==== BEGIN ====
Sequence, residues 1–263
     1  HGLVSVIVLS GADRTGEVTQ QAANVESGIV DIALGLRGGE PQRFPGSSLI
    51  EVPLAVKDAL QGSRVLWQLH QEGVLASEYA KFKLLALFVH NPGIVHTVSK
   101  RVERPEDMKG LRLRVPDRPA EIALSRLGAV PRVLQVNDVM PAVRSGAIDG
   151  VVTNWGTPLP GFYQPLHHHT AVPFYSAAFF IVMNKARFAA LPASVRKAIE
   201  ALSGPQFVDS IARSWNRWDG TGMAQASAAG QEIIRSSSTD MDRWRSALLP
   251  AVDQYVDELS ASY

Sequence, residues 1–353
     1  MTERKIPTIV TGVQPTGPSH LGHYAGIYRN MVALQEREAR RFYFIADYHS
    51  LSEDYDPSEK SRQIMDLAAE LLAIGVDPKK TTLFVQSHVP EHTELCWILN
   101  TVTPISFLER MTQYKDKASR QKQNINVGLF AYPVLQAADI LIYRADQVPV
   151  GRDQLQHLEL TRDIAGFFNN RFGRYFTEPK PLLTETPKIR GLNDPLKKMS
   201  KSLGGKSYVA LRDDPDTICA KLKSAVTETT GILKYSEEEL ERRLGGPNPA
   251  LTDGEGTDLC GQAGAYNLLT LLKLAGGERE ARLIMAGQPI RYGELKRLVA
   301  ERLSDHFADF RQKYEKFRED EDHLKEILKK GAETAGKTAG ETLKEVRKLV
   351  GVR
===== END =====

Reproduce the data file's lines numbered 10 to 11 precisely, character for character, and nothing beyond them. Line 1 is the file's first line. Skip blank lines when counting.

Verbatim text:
    51  LSEDYDPSEK SRQIMDLAAE LLAIGVDPKK TTLFVQSHVP EHTELCWILN
   101  TVTPISFLER MTQYKDKASR QKQNINVGLF AYPVLQAADI LIYRADQVPV